Resick, P. A. (2003). Post Hoc Reasoning in Possible Cases of Child Sexual Abuse: Just Say No. Clinical Psychology: Science & Practice, 10(3), 349-351.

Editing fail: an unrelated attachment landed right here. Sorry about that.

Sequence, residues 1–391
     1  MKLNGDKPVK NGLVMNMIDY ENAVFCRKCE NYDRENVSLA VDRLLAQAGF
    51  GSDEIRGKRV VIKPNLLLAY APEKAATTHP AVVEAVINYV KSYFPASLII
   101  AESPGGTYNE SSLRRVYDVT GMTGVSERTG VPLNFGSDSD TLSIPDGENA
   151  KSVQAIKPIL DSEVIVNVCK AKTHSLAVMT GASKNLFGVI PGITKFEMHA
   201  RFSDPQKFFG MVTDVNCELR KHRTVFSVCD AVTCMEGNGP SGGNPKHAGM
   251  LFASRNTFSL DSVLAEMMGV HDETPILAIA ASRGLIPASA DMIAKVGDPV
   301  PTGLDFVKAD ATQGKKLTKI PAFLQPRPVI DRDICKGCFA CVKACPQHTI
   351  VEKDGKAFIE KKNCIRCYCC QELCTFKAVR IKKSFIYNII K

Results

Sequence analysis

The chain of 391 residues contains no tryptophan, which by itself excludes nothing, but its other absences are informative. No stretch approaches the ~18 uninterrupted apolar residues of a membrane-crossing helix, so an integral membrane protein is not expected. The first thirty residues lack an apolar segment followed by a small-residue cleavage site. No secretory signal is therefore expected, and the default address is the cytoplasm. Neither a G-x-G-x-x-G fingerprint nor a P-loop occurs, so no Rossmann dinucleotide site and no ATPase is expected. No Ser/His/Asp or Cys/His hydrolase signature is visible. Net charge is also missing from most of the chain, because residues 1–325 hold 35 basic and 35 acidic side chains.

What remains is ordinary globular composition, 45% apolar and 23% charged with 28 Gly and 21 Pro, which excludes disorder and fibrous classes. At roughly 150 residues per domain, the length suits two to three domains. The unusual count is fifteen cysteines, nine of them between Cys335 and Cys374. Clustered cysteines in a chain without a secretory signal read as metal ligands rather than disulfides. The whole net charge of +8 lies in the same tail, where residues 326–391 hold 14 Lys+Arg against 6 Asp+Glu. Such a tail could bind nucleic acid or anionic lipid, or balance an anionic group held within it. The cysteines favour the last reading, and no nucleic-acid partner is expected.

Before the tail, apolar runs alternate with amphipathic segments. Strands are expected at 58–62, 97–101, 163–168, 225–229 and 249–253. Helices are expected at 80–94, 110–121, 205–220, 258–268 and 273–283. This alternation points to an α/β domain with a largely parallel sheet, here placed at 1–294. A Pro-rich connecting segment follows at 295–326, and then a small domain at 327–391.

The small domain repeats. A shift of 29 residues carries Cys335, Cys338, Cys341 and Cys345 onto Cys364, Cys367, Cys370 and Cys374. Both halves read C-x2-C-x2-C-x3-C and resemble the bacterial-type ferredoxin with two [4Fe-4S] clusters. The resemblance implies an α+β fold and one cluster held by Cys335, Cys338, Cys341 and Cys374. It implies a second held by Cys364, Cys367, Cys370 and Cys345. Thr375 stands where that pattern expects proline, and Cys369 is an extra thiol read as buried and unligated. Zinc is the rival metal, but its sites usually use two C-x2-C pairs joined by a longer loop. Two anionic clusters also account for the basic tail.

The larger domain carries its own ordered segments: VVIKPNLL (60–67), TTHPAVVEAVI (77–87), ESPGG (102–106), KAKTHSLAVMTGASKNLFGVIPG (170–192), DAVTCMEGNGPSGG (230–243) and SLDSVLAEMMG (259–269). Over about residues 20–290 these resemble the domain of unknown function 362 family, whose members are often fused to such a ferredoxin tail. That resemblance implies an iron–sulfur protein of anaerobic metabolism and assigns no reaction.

In this commentary on "Post Hoc Reasoning in Possible Cases of Child Sexual Abuse: Symptoms of Inconclusive Origins" by T. P. Sbraga & W. O'Donohue (WPE's Abstract Page) I do not disagree with the authors' ultimate objection with the possible practice of presuming abuse based on the presence of psychological symptoms at some later point in time. However, they do not mount a compelling argument that expert witnesses are in fact doing this widely, and they tend to misapply theories or research on post-trauma sequellae as a way to bolster their arguments. The simple fact that there is no universal psychological symptom marker that could "prove" child sexual abuse is reason enough to refrain from such speculation. (PsycINFO Database Record (c) 2003 APA, all rights reserved)Author's email address